The Added Value of the Hybrid Virtual Learning Approach: Using Virtual Environments in the Real Classroom

The Added Value of the Hybrid Virtual Learning Approach: Using Virtual Environments in the Real Classroom

Athanasios Christopoulos (University of Bedfordshire, UK), Marc Conrad (University of Bedfordshire, UK) and Mitul Shukla (University of Bedfordshire, UK)
Copyright: © 2018 |Pages: 21
DOI: 10.4018/978-1-5225-3719-9.ch012


This chapter maps the types of interactions that relate to the use of virtual worlds in hybrid virtual learning scenarios. Students were asked to state their opinions regarding their experiences and were also observed along the way. The results highlight that the learning activities and students' attitudes and experiences greatly affect learner engagement. It is vital, though, that instructional designers plan the learning activities thoughtfully and provide learners with enough time and support. Offering content with examples of the expectations of the teaching team can be invaluably helpful. Furthermore, a game-like content can be considered a great source of motivation. Moreover, the vividness of the virtual world makes the learning process more stimulating and less tedious. Additionally, avatars enable users to interact with the content and increase the opportunities for interactions with others. Nevertheless, learners' simultaneous co-presence in the physical classroom is a more immediate and preferred option, since it offers increased opportunities for collaboration.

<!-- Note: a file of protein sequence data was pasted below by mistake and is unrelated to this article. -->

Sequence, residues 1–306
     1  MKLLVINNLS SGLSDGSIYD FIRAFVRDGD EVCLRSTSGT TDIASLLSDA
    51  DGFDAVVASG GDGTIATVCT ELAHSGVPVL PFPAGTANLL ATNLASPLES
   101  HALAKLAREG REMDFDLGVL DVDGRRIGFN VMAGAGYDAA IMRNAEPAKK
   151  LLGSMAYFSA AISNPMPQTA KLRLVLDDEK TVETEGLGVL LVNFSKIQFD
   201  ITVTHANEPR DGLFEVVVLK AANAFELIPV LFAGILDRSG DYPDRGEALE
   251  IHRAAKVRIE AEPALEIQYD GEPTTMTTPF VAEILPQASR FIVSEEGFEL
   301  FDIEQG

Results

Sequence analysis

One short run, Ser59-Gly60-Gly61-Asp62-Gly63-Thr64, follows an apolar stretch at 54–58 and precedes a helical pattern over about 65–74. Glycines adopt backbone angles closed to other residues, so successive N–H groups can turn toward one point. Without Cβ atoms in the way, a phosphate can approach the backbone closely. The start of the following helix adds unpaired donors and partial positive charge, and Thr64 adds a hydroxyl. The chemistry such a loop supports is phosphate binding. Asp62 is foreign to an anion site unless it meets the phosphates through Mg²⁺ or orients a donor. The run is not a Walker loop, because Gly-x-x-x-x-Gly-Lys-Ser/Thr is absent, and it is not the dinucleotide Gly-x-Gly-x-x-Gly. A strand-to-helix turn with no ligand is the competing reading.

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Interaction And Engagement

Activities that include 3D content creation and exploration as well as student collaboration have been extensively studied (Carter, 2012; Hockey et al., 2010). Schrader (2008) has identified four different combinations that link technology and learning, which are, namely, ‘learning about technology’, ‘learning from technology’, ‘learning with technology’, and ‘learning in technology’. Users are represented by avatars (artificial figures), interacting that way with both the content and others. Some examples of that interaction are: object creation and manipulation, terrain editing and navigating around the world, chatting, and the use of gestures (Allison et al., 2012; Bredl et al., 2012; Dalgarno and Lee, 2010; Herbet et al., 2012; Hockey et al., 2010).

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